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Why running is scary

Posted by Elizabeth Comeau  December 1, 2013 10:10 PM

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“Central casting couldn't have found a better family.”

That’s the line my parents and I have heard over and over from public relations folks over the years.

By age 7 I knew how to succinctly explain my own birth. By age 8, I could thread my own microphone through a complicated outfit, artfully hiding the cable so that it wouldn't show on camera.

I learned how to diplomatically answer questions at a young age.

I was a fast study when it came to the media. Smile, nod, say what they want to hear, and then they go the hell away.

I became downright good at it.

That is the problem, though. I started to feel like I was downright good at many things (except math of course).

I don’t know whether I was a fast learner because I felt like I had to always get it right on the first try, or because I just liked to figure out how to master something quickly.

This skill of mastering things easily on the first try, though, is a double-edged sword.

It means, that the first time I didn't nail something right out of the gate, I immediately pegged myself as a failure.

For someone who already feels pressure to be perfect, clearly jumping straight to failure is not the ideal.

And so, if you’re me, you become so stubborn that you just don’t try something, or, you become obsessed with mastering the thing at which you failed.

The not allowing myself to fail complex also played a big role in my becoming a runner.

My mother, a teacher and child development major in college, summed it up to me this way: “You were never competitive because you were an only child. You never had to compete. You always just expected to finish first or be the best.”

She’s right.

It’s also why running is an unlikely love.

Running was the first thing I was just plain awful at. And, at times, still am awful at.

It’s not easy. It’s hard. There is always someone better. Or faster. Or stronger.

I hate that.

I hate being last.

I hate being slow.

I also know it’s good for me to get repeatedly knocked down a few pegs – I can still hear my parents saying they were not going to allow a prima donna daughter in their house.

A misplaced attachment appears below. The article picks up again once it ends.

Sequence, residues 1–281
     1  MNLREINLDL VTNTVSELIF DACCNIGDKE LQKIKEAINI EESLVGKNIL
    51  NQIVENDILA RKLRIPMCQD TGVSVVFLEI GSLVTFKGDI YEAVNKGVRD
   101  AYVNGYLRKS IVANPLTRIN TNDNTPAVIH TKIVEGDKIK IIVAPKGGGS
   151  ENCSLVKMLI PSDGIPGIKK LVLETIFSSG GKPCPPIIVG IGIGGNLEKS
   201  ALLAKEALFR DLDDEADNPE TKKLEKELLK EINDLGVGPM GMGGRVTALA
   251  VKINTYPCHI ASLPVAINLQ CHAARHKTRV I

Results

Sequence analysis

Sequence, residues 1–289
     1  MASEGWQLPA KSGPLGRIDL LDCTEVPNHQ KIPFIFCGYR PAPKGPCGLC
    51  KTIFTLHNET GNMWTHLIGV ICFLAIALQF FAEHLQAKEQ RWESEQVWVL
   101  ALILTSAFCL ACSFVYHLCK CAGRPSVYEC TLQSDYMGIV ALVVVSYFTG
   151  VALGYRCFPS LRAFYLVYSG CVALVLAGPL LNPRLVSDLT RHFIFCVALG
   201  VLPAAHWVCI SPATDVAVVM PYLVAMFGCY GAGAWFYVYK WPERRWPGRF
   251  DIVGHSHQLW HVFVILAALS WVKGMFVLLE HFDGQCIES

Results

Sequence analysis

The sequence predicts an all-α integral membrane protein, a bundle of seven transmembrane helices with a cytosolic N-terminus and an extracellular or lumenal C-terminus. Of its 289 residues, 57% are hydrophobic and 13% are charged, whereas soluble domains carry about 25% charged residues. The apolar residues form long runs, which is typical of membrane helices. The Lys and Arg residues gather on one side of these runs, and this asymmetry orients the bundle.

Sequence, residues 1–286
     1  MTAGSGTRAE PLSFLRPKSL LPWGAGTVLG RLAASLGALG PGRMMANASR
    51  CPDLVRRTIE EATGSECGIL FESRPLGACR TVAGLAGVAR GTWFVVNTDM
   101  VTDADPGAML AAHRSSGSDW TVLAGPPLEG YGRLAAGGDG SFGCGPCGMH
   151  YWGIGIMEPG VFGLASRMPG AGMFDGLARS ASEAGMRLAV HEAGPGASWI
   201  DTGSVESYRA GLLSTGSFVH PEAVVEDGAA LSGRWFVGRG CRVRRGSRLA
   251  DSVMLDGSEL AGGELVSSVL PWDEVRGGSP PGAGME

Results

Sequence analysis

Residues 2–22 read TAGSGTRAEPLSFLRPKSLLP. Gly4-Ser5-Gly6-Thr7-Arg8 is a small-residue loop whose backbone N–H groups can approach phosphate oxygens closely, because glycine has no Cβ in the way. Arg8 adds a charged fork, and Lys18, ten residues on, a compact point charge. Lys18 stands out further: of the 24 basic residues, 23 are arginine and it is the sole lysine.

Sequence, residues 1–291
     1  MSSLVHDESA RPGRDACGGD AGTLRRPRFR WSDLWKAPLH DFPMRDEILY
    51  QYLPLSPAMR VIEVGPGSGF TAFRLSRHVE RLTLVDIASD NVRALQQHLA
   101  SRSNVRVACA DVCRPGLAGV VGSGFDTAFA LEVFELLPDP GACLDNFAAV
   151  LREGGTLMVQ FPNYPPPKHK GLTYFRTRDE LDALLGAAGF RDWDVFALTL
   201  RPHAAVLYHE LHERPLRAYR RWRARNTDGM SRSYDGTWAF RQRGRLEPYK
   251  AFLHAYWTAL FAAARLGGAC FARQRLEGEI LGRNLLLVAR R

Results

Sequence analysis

Running has taken more time and patience than I would normally dedicate to something in order for me to improve.

It hasn’t taken days, or week, or even months: It’s taken years.

Years of forcing my body out the door to run when I knew I’d be running against no one but myself – I am my own worst competition.

Running forces me to really compete against myself to improve – and for someone who not only expects but downright demands perfection out of the gate for herself, it would be an understatement to say it has been one of the hardest things I’ve had to do.

I have always thought of myself as someone who doesn’t quit or give up no matter what – but running made face that claim head on. Running is the first sport to test my will in a way I never thought possible.

Running has made me want to stop.

Running has made me doubt myself.

Running has made me prove and earn every step I’ve taken.

Running has forced me to fight every demon I have always tried to bury – the overweight girl who hid behind her sense of humor; the woman who doesn’t like people to get too close to her just in case they get bored and she gets too attached and then she winds up hurt; the woman who adores writing but worries every day that people are just telling her she’s good at it because they know that is what she wants to hear and she’s never had to fight as hard at writing as she has had to fight at becoming a runner.

Running scares the shit out of me, because it makes me worry if I give up or quit I’ll be everything I always said I wasn’t.

And if there’s one thing I like less than failing, it’s being wrong.

Staying fit is an important part of staying healthy. This blog will offer exercise tips from experts as well as share the personal journeys of Globe staff members committed to fitness. No matter your age or energy level, we invite you to join in and share your own story. How do you find time to work out? What are your daily challenges? Let us know and read along -- and together, we can all get moving.


Elizabeth Comeau is a social media marketing manager at She will be blogging about her personal fitness journey and using a device called a FitBit to track her weekly goals and progress (see below). Follow her journey and share your own. Read more about Elizabeth and this blog.

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